When I first thought about a trip to The Tate, I thought that I would see acrylic paint on canvas. I was clearly wrong from the moment I stepped into the Jenny Holzer exhibition, as I could see several 100 words all over the walls. This made me think that her work would be so much more than I initially expected. For me her art was trying to embed the idea that the things that are said to be correct and true, are not always the answer. I thought that that was a really deep thing to express, especially considering the UK’s economic climate and how it is hard for people to trust the government and the media. While walking throughout the exhibition I found that I developed a better understanding of what I thought Holzer’s thought process was. I felt that the multiple rooms were symbolic of the different parts of her mind; this is relatable to the average person – we all have different ‘rooms’ in our mind for each emotion and feeling we have.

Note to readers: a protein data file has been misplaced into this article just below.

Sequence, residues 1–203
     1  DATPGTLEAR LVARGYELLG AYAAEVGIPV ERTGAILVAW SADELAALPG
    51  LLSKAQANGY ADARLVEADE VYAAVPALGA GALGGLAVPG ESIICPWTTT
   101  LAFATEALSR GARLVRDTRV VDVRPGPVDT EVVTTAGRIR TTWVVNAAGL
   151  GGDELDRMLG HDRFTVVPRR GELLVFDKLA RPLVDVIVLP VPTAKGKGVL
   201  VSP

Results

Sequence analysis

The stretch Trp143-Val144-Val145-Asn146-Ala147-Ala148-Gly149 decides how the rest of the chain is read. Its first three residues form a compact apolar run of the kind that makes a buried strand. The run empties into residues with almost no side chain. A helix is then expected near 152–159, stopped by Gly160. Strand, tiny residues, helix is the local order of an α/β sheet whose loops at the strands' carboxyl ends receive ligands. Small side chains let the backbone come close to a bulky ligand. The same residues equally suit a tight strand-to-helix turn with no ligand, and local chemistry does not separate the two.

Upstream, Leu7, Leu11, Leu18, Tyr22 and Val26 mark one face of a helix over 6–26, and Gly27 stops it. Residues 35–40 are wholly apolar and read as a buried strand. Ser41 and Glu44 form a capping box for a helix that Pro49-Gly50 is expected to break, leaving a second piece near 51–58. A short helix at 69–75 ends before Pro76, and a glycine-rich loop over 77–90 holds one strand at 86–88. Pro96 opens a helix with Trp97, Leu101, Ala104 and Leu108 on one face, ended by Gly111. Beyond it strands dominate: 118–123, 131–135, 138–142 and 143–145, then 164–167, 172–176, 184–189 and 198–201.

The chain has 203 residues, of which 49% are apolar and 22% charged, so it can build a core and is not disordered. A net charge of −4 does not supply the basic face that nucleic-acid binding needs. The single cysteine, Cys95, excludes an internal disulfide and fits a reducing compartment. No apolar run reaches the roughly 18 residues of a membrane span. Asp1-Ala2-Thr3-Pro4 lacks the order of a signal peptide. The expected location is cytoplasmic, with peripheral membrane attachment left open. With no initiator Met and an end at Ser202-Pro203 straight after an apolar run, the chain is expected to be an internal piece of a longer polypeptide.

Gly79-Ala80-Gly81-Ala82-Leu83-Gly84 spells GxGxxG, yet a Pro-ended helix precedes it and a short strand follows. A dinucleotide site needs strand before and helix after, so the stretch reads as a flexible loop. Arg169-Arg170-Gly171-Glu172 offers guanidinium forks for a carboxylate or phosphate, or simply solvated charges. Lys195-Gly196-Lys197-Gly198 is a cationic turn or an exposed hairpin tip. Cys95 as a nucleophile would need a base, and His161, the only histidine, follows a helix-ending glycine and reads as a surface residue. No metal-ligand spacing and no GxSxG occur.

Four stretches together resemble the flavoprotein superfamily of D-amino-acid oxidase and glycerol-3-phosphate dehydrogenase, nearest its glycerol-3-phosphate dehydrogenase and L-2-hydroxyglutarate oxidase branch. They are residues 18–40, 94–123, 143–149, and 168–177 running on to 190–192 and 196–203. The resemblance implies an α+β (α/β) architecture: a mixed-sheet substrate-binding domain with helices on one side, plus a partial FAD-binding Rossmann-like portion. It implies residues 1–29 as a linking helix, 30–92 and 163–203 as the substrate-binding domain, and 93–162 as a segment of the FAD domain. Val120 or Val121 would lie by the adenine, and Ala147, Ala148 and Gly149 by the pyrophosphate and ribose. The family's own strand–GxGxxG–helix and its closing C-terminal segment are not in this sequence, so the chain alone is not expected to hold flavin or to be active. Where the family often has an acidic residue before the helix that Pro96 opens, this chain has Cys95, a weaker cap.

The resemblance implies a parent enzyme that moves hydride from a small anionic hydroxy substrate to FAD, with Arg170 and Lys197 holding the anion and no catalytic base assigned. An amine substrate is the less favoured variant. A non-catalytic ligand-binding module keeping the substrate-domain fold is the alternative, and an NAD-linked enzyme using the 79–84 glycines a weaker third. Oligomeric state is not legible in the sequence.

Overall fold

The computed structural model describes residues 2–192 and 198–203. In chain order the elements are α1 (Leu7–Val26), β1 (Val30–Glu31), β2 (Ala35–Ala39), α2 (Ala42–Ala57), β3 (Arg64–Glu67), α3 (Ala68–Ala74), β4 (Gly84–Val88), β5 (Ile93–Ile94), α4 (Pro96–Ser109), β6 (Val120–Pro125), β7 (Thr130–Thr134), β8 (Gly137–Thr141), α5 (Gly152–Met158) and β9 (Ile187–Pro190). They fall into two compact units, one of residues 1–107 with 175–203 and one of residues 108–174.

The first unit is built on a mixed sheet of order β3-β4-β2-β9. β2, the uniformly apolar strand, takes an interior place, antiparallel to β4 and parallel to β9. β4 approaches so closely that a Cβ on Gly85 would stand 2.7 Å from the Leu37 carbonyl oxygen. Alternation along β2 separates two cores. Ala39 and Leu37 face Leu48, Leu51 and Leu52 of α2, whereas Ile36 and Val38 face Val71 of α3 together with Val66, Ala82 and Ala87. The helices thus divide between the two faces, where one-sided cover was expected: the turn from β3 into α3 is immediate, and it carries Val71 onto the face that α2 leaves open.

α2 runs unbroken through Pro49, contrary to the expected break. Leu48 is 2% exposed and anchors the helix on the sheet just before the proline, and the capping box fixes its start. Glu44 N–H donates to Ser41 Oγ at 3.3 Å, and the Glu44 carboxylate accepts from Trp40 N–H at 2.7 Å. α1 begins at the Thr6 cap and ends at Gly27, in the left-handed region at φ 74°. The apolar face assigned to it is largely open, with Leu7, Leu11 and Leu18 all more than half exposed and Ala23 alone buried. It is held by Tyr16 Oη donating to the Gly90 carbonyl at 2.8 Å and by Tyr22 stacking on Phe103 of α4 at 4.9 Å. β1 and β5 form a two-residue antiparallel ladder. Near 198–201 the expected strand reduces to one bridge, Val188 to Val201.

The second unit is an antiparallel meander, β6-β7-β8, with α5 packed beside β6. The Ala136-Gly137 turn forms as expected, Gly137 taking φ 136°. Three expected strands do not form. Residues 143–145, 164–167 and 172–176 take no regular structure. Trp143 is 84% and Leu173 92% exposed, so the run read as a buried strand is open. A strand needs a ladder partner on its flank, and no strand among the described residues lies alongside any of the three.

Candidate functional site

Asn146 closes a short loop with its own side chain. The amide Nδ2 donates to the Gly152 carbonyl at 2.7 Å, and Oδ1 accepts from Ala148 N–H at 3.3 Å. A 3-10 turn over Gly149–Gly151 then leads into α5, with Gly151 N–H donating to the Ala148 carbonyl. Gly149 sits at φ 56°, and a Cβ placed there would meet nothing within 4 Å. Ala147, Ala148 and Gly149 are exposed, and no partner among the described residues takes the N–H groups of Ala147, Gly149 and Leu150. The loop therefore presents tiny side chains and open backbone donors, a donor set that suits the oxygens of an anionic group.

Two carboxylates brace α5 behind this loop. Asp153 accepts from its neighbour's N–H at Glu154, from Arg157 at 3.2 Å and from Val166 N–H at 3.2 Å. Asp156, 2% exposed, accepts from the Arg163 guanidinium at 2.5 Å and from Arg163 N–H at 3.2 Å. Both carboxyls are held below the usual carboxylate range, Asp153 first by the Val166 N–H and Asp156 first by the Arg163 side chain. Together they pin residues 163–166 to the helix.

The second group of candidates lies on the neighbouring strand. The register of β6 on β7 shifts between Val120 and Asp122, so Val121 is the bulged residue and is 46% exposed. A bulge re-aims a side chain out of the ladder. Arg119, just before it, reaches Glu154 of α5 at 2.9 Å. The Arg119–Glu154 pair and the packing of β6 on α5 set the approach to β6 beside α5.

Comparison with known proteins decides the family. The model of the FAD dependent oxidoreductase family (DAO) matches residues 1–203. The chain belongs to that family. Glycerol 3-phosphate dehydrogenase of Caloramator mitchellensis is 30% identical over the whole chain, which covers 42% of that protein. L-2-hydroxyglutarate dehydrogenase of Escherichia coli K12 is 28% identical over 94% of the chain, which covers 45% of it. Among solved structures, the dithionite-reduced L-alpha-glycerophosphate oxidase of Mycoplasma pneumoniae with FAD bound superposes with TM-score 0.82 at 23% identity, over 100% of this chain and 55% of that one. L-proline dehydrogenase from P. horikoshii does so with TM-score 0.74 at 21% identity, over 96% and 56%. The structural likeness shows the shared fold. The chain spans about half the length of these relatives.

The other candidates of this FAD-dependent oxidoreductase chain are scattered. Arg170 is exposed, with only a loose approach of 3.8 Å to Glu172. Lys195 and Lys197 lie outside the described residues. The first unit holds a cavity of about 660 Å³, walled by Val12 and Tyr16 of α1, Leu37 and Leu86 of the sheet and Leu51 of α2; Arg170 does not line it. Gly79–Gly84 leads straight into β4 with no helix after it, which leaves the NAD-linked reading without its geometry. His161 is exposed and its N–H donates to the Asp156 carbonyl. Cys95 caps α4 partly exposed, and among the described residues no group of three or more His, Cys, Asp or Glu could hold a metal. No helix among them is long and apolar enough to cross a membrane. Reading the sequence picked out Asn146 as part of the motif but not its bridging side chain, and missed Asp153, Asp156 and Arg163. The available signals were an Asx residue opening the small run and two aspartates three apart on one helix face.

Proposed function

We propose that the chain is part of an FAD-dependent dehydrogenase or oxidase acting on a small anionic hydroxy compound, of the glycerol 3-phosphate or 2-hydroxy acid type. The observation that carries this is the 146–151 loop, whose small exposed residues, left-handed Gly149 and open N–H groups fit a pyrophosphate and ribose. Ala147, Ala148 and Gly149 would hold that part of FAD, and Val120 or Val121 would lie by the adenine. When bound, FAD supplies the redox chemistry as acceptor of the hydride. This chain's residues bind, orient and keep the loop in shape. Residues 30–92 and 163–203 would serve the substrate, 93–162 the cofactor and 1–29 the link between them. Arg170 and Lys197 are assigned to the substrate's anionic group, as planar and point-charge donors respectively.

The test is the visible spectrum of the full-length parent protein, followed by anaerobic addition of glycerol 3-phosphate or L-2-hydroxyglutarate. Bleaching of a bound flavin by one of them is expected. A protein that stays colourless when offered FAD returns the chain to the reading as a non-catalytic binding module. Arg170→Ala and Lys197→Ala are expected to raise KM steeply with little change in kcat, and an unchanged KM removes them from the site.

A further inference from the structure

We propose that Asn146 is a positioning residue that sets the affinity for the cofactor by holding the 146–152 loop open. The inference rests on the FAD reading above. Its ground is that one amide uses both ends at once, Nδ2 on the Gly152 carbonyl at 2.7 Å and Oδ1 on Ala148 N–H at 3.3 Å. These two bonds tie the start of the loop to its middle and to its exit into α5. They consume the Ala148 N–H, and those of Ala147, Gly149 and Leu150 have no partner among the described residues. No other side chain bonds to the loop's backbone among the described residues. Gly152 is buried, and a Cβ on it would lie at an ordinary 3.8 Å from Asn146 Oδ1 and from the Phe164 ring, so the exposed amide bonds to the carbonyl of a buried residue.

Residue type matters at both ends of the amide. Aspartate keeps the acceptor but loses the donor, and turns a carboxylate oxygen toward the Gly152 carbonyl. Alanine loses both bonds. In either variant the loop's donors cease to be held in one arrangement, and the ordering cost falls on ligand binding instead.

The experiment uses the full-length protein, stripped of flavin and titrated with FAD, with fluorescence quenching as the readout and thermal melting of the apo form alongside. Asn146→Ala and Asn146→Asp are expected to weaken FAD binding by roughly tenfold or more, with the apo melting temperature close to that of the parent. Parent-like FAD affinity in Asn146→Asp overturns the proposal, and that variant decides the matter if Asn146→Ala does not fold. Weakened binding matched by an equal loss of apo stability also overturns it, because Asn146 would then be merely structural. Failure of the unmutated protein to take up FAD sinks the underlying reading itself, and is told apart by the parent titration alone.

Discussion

My favourite room was the central one; it had several pieces of art that were calming and made me forget about society’s current stresses and focus more on the mysteries Holzer wanted every person to unlock. The main piece of art that caught my attention were the benches that I first believed were made by the Tate Modern but was surprised and shocked to learn that they were made by Holzer, as part of the exhibition. In my opinion, the other, smaller rooms which had less space for people to walk in purposely symbolised how we are not always able to access those more challenging emotions in our heads that we are not used to feeling. Each room made me feel different; in one I felt upset because of its relation to war. Overall, I enjoyed the exhibition because it challenged my thoughts and focused on society’s past and present problems. In addition, each room allowed me to feel a mixture of sadness, compassion and confusion – emotions that I am not used to feeling, but through Holzer’s art, I was able to do so.